The following are a collection of resources that can help you get started in learning to code for LibreSchemas.
- Official React Website with Documentation and Tutorials
- List of free and paid courses from the community to learn React on Reacts Website
- Udemy: The Complete React Course
- React Tutorial
- Codcdemy: Learn React
Note: There are many YouTube courses for React but you have be careful that they aren’t too out of date as the technology changes over time.
React Native Resources
- Official Expo Website with Documentation and Tutorials for building React Native Apps
- Official React Native Website with Documentation and Tutorials
- Resources from the community to learn React Native from the official React Native Website
- Codecdemy: Learn React Native
- A regularly updated article that lists the top online courses to learn React Native.
The Expo client app available on Google Play and the Apple App Store will allow you to test your developing React Native Apps that use Expo on your Android and IOS devices. However, to release to App stores like Google Play you will need Android Studio installed and you would need a Mac to compile your app with Xcode to release to the Apple App Store. Although Android Studio has simulators for Google Phones and Xcode has simulators of iPhones you will often find physical variants of these maybe needed to fully test your code. Devices like an iPod Touch or iPad can be helpful additions if you already own an Android phone.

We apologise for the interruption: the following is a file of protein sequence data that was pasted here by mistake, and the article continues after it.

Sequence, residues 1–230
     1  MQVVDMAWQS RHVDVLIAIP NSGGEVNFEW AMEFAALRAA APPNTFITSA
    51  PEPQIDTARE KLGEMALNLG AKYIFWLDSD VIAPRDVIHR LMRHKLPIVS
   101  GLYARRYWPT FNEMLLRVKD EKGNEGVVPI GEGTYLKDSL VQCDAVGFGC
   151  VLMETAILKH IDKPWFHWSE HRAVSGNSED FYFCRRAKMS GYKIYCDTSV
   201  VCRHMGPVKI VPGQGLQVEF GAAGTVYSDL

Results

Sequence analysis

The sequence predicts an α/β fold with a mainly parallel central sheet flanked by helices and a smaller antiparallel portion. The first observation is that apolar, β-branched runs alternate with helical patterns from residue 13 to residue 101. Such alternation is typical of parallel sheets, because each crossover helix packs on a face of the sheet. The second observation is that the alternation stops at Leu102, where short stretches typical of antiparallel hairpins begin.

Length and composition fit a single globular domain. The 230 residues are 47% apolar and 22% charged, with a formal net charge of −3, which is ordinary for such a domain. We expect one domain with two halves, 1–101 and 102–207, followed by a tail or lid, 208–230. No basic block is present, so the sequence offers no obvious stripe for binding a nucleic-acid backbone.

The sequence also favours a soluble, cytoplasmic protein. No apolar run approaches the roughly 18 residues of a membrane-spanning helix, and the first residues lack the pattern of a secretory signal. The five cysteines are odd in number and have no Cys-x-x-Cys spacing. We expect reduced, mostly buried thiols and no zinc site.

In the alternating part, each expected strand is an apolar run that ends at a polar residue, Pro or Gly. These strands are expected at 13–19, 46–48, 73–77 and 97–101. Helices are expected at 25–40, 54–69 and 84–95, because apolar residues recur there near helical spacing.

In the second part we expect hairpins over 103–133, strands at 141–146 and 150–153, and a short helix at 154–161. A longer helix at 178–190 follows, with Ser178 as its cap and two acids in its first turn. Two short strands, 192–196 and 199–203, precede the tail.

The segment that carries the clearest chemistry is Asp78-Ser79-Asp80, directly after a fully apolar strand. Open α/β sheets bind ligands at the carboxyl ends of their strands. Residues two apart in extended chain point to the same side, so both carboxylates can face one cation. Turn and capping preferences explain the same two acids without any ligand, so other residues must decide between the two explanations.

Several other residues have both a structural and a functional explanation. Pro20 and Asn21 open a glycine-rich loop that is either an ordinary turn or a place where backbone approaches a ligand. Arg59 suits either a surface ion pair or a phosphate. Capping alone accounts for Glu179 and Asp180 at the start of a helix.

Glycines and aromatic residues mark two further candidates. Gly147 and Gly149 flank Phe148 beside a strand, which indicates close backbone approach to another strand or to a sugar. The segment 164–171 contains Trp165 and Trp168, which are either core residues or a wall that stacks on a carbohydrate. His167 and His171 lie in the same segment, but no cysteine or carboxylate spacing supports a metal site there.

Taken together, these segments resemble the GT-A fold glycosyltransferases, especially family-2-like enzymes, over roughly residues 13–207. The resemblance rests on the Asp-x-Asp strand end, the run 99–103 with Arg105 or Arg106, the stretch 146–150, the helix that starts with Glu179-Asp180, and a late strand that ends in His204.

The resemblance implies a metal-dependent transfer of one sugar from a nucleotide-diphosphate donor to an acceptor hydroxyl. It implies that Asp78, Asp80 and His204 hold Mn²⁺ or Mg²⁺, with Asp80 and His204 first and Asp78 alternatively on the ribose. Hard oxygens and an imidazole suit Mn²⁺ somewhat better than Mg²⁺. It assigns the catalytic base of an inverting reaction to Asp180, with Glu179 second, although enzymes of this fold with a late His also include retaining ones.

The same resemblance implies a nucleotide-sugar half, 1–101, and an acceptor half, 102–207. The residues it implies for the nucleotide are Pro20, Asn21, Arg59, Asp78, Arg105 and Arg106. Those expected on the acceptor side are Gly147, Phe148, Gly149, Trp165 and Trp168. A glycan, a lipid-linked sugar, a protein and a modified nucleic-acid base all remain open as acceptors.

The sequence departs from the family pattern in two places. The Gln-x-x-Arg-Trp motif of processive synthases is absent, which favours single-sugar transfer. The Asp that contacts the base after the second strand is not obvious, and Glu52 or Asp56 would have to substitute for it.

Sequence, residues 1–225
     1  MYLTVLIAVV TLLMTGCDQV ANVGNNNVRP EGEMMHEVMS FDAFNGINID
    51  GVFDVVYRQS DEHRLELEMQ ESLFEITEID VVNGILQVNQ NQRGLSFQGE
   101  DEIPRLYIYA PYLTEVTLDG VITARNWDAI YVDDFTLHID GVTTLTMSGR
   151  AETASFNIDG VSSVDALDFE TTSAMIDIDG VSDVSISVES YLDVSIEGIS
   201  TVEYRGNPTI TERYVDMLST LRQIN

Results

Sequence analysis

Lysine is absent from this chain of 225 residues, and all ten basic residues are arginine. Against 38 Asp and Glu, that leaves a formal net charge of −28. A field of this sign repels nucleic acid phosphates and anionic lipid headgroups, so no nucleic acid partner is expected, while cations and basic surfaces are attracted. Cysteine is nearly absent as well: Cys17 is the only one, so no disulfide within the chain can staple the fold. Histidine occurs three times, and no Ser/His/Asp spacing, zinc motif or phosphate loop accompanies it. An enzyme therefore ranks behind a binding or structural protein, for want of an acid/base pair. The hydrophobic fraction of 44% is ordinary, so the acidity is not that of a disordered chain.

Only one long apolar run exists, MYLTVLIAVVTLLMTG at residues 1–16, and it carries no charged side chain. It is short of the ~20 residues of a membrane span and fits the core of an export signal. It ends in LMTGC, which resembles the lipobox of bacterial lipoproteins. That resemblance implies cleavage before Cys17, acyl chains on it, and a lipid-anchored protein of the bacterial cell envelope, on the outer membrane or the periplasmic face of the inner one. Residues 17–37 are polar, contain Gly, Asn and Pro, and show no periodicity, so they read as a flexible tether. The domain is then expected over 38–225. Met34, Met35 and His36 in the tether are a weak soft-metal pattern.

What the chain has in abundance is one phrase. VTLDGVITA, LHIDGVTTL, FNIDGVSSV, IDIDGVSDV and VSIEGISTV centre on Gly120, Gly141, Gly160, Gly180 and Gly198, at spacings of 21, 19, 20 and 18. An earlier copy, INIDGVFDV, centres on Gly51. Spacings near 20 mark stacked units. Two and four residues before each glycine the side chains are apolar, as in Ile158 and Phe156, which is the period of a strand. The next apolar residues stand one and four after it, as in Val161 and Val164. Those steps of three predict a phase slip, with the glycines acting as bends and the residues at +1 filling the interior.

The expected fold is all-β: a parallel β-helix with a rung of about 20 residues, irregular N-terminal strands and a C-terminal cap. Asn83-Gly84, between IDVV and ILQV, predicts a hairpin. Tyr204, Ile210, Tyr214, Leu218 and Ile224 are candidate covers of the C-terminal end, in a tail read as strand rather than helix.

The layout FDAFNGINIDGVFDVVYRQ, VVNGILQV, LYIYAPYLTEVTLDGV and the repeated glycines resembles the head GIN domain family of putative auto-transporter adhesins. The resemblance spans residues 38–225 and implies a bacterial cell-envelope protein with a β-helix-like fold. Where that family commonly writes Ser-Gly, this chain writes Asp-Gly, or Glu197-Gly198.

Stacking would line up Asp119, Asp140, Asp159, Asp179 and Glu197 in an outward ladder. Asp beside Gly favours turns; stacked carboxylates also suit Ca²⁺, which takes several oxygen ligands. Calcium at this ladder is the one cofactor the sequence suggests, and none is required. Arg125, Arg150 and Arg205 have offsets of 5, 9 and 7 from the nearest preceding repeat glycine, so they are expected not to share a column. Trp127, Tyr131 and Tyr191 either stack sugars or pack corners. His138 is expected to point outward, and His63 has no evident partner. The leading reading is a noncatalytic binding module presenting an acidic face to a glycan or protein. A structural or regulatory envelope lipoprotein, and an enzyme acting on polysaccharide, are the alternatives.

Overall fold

Your will need install Node.js in order to create React and React Native software. It’s best to stick with the Long Term Support (LTS) release for security and stability. You can download Node.JS from here. NPM (Node Package Manager) is included with Node.js which will be needed to install additional libraries like for example a text to speech package. Lots of FOSS Node packages can be found at npmjs.com which as a directory and host for all these packages.
You’re going to need a copy of Git as mentioned before to log changes and push them into repositories on GitHub. Git is necessary when you start your project as there will be times where you make mistakes or cause bugs in your code and need to rollback. Likewise it’s designed for working in teams so learning Git will make collaboration more productive. The easiest Git to learn that works seamlessly with GitHub is GitHub Desktop which has a GUI (Graphical User Interface). There are many people that prefer to use the command line for Git and you will find by using NPM that you will gain confidence in this way of interfacing with your developing software.